France state reserve fund FRR exits tobacco and coal investments

Fonds de réserve pour les Retraites says engagement doesn’t work

The Supervisory Board of the Fonds de réserve pour les Retraites (FRR), one of France’s most prominent pension funds, has agreed to an ESG policy which will exclude from its portfolio investments in equities or bonds linked to tobacco manufacturers, FRR has announced today.
The proposition comes from the state reserve fund’s executive board and covers also the exclusion of investments related to companies in which thermal coal extraction or coal-fired power generation accounts for more than 20% of their turnover.
It comes as fellow leading investor CalPERS is considering lifting a restriction on tobacco investment. But insurance companies have raised concerns over tobacco as a profitable investment due to its inherent risk and costs.
As such the exclusion announced today by FRR is motivated by the “6 million deaths worldwide” that tobacco consumption is responsible for every year, generating significant costs for insurers and health systems as a result.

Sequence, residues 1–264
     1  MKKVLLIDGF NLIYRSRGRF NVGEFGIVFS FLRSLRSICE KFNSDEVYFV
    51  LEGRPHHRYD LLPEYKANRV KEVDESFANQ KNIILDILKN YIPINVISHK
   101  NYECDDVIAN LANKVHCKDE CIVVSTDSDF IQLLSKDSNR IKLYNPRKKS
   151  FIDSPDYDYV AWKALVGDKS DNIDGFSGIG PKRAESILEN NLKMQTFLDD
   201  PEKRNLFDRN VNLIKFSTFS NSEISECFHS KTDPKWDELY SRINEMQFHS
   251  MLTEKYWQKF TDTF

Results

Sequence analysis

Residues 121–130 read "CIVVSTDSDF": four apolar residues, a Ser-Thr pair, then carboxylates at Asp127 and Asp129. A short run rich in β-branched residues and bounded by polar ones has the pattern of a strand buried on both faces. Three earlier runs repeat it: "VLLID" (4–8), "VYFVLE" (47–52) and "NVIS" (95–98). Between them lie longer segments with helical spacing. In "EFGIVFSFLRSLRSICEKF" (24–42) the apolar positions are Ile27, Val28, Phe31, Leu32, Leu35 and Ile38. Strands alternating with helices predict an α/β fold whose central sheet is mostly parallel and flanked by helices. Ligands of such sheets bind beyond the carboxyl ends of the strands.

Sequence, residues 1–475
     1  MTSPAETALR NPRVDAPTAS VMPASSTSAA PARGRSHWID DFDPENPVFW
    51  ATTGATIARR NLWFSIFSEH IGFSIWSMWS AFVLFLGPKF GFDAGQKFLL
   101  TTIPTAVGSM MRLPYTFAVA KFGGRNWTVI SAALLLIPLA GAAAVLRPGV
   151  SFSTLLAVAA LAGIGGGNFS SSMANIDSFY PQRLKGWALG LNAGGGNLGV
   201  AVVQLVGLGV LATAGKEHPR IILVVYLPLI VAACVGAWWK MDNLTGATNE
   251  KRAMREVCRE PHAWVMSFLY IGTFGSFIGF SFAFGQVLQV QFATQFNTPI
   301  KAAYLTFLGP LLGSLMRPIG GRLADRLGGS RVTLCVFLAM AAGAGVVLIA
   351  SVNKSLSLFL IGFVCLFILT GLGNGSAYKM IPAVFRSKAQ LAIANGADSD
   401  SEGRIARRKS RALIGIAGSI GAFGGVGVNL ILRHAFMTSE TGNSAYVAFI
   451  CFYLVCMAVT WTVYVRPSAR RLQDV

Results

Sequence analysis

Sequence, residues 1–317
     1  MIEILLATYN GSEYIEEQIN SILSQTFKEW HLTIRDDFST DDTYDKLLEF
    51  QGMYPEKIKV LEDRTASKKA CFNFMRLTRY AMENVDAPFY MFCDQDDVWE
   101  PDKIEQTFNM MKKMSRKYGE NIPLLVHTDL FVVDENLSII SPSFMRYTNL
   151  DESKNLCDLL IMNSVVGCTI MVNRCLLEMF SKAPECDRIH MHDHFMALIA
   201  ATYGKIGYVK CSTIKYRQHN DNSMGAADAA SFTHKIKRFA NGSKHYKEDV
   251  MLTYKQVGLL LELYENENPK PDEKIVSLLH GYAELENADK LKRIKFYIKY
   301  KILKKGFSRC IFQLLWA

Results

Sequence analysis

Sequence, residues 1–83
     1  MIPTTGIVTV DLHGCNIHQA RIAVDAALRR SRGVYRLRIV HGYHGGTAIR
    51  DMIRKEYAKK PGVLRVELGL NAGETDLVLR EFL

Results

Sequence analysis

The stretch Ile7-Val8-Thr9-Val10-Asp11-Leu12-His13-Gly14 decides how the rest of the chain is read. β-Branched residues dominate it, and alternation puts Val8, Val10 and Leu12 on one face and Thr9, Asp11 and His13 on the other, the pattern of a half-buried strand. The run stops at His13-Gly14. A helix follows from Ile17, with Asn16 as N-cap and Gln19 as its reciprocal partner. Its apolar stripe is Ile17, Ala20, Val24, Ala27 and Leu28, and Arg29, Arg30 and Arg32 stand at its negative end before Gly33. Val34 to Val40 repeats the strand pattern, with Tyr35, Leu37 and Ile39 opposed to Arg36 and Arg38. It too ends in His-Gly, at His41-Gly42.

The FRR added that engagement is not productive any longer when it comes to tobacco companies:
“Progress will not be achieved by dialogue with these companies, because the whole purpose of engagement would be to demand that they should stop their activities altogether.”

Regarding the exclusion of coal from its portfolio, the FRR said that such an investment is not consistent with its environmental commitments aimed at reducing portfolio’s greenhouse gas (GHG) emissions; nor coherent with its association with a coalition of investors pushing for more transparency on energy generation by investee companies.It said: “FRR has therefore decided to exclude companies more than 20% of whose turnover is derived from thermal coal or which generate more than 20% of their electricity, steam or heat production from coal (thermal or lignite).”

“Progress will not be achieved by dialogue with these companies”

There is an exception, however for companies that use carbon capture and storage (CCS) processes.
In November the International Energy Agency (IEA) published the report 20 years of CCS: Accelerating Future Deployment, in which the agency said CCS is the only technology able to significantly reduce emissions from coal-fired power plants and from industrial processes, including the production of steel, cement and chemicals.
Combined with other alternatives such as bioenergy, CCS can deliver so-called negative emissions, the IEA said.
The FRR confirmed that the exclusions would be in place during the course of 2017.
It concluded: “These two strategies will be rolled-out during the course of 2017 with the launch of passive equities management mandates based on an ESG approach in an amount of five billion euros and shall be applied in existing bonds mandates. Between now and the end of 2017, these exclusions will have been applied to nearly 95% of the overall scope of the FRR’s assets.” Link